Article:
Mathematical modeling is a fundamental tool of science. Models may be applied to extract knowledge from data, to combine available information, or to make predictions about the future states of a system. In any case models need to be tailored to the scientific questions at hand. Ideally a model utilize all available information. This includes (often expensive field or lab) data but also system understanding and expert opinions.
As a statistician my interests lay in constructing adequate models by means of statistics, machine learning and applied mathematics to investigate scientific hypotheses and support decision makers.
Besides the mathematical and technical aspects of modeling I’m also very interested in communication, which is an important element of successful collaboration. To be able to apply a model successful, users must understand the underlying model assumptions, how to interpret the results, and know the limits of a model.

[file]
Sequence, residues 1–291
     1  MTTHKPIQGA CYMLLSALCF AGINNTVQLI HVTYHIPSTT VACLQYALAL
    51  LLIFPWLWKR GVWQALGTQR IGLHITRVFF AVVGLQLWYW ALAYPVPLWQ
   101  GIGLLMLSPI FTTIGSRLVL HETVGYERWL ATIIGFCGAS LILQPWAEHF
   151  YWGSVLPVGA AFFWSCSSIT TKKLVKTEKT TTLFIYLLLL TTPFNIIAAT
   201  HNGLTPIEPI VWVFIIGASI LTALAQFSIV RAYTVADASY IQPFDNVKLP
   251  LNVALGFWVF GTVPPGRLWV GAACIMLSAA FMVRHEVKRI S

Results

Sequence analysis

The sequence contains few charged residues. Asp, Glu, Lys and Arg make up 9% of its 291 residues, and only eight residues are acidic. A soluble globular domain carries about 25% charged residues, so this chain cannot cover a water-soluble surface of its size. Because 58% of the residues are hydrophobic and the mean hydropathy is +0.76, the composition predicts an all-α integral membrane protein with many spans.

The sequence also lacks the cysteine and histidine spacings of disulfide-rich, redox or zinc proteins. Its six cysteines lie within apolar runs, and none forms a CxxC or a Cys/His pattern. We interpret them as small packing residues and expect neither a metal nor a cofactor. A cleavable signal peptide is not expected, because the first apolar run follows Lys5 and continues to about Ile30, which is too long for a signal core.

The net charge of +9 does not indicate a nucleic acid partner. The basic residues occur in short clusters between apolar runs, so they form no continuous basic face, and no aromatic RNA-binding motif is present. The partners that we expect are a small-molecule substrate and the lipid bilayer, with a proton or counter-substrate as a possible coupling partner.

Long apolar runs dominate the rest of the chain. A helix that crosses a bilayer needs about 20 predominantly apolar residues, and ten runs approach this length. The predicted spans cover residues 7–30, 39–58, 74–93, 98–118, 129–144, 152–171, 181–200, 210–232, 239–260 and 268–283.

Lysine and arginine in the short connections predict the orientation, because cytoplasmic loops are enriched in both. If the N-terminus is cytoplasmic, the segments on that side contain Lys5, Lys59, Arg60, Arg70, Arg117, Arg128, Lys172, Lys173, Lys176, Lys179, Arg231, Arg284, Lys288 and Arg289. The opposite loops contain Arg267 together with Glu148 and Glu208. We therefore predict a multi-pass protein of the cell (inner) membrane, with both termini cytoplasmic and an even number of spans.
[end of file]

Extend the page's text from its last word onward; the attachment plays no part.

Obtaining scientific data from field observations or experiments is a laborious and expensive task – my aim is to facilitate the best possible use of this hard-earned data.
Methods and Tools
Some topics and methods I work with or I am interested in:
- Bayesian Inference
- Gaussian Processes
- Data assimilation(Deep)
- Machine Learning
- Artificial Neuronal Networks
- Uncertainty Quantification
- Causal Inference
- Graphical (hierarchical) Models
For implementation I use among others Julia, R, Python, STAN, Emacs.